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Dr. Hazel Carney, Feline Behavior and Medicine, offers some insight for owners whose cats suffer from Pancreatitis. without treatment.

A cat’s pancreas has the same function as a human’s pancreas; it produces both important enzymes that help in food digestion and hormones that regulate blood sugar—critical to healthy, happy cat. Dr. Hazel Carney, Feline Behavior and Medicine, on Pancreatitis in Cats.Pancreatitis occurs when there is an inflammation of the pancreas. It may cause enzymes to leak into the cat’s abdomen—a very painful condition for the cat.

This disease could come on suddenly or become progressively worse. Regardless, left untreated, the cat’s pancreas may suffer enough damage that it will no longer function properly. This can bring on further health issues, including diabetes.

Your cat may show the following symptoms: lethargy, poor appetite, dehydration, increased respiratory rate, lower body temperature; about 35% of cats vomit. Dr. Hazel Carney, Feline Behavior and Medicine Specialist, contributed to a magazine article on Pancreatitis in the September 2014 issue of Cat Fancy. You can read that article HERE.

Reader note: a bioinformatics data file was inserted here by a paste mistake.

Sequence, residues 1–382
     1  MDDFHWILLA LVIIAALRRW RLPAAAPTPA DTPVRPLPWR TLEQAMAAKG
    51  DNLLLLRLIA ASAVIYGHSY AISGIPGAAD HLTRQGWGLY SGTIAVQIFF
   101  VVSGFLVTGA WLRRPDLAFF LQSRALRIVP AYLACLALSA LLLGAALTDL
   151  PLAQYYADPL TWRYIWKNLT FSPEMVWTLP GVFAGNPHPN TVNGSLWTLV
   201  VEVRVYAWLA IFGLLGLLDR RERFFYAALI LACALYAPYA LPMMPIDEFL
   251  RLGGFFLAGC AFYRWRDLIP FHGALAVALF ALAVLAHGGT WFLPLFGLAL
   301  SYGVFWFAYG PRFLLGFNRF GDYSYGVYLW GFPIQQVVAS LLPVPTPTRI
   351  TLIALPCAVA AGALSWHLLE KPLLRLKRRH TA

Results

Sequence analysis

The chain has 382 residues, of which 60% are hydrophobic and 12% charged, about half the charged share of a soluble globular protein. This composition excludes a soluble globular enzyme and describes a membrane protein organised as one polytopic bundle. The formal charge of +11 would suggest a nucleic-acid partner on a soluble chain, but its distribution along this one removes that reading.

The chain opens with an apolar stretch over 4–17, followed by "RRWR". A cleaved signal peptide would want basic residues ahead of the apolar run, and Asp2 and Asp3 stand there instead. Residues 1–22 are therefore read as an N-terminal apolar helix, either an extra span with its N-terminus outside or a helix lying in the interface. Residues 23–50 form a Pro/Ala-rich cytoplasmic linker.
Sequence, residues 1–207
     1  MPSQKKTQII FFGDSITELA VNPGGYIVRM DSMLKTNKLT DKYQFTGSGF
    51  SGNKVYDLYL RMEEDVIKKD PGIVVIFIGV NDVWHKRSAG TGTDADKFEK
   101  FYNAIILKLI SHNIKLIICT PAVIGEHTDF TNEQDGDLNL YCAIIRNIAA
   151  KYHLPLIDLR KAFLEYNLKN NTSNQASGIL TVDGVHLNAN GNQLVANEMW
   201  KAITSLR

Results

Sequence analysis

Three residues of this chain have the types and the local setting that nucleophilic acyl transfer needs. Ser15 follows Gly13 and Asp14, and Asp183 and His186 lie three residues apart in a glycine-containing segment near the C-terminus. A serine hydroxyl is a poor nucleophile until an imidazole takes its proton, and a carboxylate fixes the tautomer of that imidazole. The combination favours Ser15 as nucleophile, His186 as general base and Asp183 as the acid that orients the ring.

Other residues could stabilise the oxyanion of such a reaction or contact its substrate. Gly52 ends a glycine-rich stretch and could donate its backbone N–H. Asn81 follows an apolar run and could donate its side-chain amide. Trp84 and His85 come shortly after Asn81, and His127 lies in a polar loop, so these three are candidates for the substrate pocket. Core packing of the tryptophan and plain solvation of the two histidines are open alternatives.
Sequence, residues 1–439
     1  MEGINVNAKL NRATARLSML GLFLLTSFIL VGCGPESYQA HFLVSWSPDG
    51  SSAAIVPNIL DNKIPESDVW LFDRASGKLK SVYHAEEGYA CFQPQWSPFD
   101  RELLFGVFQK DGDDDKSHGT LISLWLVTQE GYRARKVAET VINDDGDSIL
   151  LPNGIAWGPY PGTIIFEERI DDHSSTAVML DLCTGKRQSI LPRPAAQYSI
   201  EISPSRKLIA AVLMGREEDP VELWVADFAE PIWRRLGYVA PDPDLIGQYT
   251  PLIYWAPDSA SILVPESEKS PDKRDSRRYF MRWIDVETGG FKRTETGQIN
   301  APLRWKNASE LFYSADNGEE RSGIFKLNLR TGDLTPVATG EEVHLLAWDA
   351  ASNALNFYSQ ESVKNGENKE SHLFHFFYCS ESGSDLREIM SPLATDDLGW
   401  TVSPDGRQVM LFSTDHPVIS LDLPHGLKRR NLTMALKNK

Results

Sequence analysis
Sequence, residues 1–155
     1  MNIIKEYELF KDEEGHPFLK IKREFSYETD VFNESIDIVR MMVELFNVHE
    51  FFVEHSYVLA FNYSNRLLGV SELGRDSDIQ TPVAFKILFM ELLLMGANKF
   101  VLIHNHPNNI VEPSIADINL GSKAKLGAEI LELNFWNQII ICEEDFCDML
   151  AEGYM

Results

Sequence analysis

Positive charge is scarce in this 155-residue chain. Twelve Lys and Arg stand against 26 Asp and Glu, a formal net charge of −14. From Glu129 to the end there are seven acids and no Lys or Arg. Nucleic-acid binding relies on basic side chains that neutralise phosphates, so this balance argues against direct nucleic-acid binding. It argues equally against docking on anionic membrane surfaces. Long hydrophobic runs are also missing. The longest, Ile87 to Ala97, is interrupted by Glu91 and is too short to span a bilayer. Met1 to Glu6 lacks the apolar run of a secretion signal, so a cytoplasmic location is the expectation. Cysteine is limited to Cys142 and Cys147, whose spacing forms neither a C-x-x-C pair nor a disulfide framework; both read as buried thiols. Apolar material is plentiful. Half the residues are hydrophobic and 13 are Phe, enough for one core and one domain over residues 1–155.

To diagnose pancreatitis, your veterinarian will complete a physical examination and ultrasound, and process some blood work.

Treatment for pancreatitis in cats includes pain management, extensive fluid therapy, and careful monitoring of the electrolytes. In addition, often cats will need hospitalization for a few days to successfully treat the disease.

Pancreatitis may be caused by trauma, parasites, infection, and/or drug reactions. However, 90 percent of all pancreatitis cases in cats has no identifiable cause. Siamese cats may have a genetic predisposition.

If you have any questions about pancreatitis in your cat, please call WestVet at 208.375.1600 to schedule an appointment with Dr. Carney.

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